> Timing is Everything: Reshaping Snacking Habits - The Food Safety Company Timing is Everything: Reshaping Snacking Habits - The Food Safety Company
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    Tuesday, 31 January 2017

    Timing is Everything: Reshaping Snacking Habits

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    Nutritionists may be well familiar with how to snack, but the general population isn’t so lucky. Snacking knowledge, for many, is limited to what kinds of snacks to eat. The seasoned snacker knows that if you must eat it’s best to be healthy about it. Reaching for fruits, nuts and yoghurt minimizes the amount of refined sugar being eaten and delivers lots of good nutrients. That is an inarguable truth. However, a little-known fact about snacking is that the time at which those healthy nibbles are eaten greatly affects how the body receives food. With that said, let’s go over some popular snacks, reviewing the optimal time for consumption.


    Bananas are perfect, little snacks to tote around. They have their own carrying case and deliver well-portioned servings of potassium, vitamin B6 and C, manganese and fibre. On top of that, bananas have a wonderfully creamy texture that can be compared to a firm avocado. Contrary to popular belief, a banana for breakfast is not a good idea. While they do contain many beneficial nutrients, bananas also contain quite a bit of sugar. Eating one first thing in the morning will result in a sugar crash later in the morning. The best time to enjoy these yellow beauties is before or after lunch. If you suffer from heartburn, eat a banana after a meal; potassium works as a natural antacid, fighting heartburn.


    Apples contain natural acid, attributing to an increased level in the stomach. This is not such a good thing at night when your body is trying to power down. Eating apples late at night will cause an uncomfortably bubbly gut and allow acids to build up overnight; however, enjoying an apple in the morning or early afternoon acts as a natural digestive aid. Apples fall short in nutrients, having a low level of fibre and vitamin C. The fibre in apples, pectin, comes from the apple peel. Pectin prompts the liver to produce bile which is the substance responsible for breaking down food. Additionally, the little fruits provide phytonutrients which can regulate blood sugar throughout the day.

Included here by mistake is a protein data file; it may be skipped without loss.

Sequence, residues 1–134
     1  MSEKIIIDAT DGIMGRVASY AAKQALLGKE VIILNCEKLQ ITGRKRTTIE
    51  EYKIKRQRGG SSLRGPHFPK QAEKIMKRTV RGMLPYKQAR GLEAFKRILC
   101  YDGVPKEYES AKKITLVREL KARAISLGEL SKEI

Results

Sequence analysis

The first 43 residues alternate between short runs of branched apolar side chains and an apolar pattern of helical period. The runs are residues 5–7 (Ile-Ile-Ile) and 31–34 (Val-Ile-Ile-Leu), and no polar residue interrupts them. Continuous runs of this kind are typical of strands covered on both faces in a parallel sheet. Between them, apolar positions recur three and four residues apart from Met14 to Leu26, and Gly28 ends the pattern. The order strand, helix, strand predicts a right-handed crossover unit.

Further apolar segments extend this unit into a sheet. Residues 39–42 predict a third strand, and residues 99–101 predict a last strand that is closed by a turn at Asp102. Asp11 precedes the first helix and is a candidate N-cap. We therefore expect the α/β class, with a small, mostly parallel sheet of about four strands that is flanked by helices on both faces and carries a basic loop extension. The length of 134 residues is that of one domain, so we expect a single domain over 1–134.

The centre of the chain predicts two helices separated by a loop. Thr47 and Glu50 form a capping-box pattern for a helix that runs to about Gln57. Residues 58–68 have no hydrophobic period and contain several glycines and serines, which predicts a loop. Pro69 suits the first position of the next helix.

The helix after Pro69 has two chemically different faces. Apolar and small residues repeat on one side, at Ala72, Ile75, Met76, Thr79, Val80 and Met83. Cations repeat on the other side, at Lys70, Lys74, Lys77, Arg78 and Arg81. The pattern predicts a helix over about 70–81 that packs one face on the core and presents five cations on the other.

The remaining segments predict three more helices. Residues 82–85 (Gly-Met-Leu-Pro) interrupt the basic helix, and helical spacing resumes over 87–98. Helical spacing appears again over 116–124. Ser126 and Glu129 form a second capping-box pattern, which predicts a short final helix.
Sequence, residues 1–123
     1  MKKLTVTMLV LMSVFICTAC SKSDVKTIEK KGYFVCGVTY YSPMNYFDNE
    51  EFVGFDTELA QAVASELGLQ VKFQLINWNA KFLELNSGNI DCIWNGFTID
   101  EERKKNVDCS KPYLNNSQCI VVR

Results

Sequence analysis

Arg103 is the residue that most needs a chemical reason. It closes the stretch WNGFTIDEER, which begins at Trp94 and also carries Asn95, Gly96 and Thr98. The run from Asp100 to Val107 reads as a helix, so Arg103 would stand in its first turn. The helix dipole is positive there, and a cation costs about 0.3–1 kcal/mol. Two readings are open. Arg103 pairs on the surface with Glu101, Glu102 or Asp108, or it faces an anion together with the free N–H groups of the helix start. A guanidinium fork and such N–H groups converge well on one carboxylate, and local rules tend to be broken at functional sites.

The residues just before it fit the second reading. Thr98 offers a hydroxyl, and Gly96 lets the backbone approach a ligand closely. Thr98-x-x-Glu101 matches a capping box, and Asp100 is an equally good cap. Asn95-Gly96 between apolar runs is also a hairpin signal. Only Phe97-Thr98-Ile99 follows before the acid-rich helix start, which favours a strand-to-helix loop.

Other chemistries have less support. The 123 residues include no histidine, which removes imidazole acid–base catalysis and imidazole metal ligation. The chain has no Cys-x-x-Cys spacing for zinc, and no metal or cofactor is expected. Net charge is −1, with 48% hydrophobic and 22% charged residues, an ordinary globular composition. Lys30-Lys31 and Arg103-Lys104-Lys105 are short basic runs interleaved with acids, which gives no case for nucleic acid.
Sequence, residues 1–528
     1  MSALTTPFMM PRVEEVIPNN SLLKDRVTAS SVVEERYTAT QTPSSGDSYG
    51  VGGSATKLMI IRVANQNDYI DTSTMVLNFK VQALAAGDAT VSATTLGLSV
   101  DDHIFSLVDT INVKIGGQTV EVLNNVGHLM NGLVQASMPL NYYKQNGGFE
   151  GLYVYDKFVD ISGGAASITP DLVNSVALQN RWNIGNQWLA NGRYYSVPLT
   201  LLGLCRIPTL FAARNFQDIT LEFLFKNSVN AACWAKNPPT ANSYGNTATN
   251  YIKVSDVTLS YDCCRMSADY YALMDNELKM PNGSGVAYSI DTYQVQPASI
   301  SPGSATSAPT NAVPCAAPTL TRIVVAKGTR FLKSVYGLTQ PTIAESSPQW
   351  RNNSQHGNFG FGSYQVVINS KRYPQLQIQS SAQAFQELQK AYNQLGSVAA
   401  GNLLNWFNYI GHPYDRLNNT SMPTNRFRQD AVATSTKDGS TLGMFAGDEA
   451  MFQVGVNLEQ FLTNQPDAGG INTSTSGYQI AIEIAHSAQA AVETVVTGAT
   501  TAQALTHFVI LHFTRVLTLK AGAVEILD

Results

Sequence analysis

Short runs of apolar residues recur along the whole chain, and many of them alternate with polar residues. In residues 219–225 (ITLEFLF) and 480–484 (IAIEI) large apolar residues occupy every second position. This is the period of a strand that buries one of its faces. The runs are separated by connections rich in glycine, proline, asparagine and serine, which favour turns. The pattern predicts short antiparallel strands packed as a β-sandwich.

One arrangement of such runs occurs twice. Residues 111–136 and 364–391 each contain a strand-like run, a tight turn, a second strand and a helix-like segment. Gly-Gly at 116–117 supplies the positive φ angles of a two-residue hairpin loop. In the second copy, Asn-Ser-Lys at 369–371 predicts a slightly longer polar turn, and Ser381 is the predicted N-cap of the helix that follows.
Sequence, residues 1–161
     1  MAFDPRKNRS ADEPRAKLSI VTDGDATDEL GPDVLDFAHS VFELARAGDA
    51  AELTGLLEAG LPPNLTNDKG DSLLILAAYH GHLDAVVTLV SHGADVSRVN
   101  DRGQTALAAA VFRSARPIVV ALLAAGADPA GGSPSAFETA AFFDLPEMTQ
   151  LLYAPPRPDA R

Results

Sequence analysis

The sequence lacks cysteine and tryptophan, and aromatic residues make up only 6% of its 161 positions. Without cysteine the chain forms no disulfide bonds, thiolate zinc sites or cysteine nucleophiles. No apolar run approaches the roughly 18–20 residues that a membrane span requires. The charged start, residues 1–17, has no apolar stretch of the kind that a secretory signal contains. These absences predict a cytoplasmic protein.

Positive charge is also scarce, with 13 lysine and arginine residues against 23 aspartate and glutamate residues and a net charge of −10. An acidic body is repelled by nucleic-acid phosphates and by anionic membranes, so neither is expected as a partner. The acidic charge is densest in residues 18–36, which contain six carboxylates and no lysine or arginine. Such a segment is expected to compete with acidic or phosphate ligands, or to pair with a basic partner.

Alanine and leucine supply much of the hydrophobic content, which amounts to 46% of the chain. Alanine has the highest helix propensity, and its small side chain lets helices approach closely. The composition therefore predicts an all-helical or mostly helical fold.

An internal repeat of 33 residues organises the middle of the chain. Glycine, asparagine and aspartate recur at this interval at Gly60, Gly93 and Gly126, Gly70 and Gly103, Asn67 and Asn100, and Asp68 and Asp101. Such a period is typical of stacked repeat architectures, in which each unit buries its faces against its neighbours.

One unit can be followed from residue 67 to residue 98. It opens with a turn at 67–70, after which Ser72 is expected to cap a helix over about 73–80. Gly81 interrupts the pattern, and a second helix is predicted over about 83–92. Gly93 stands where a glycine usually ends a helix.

Thanks to a hefty amount of natural fat, yoghurt is great for satiety. Fat effectively slows digestion, keeping you feeling fuller for longer. For this reason, yoghurt should be enjoyed in the morning or early afternoon. Eating it late at night slows digestion meaning it will sit in the stomach undigested for a long time. Real yoghurt, made with live bacteria cultures and low in sugar, attribute to a healthy gut. The bacteria cultures, also called probiotics, deliver healthy bacteria to the stomach which can regulate the immune system and can enhance the absorption of vitamins and minerals.


    One of the only snacks on this list to be eaten at night, nuts are great pre-sleep eats. These filling nibbles suppress the appetite by delivering a good dose of fibre, protein, fat and omega-3 fatty acids. As such, steer clear of nuts before meals. Snacking on nuts before dinner or lunch will make you feel less hungry. Instead, turn to any type of nut to quell late-night cravings. The body converts nuts into serotonin and melatonin – the happy hormone and a natural relaxant. Therefore, eating nuts before bed can encourage sleepiness and a good night’s sleep. 

    Jacqui Litvan

    Jacqui Litvan, wielding a bachelor's degree in English, strives to create a world of fantasy amidst the ever-changing landscape of military life. Attempting to become a writer, she fuels herself with coffee (working as a barista) and music (spending free time as a raver).
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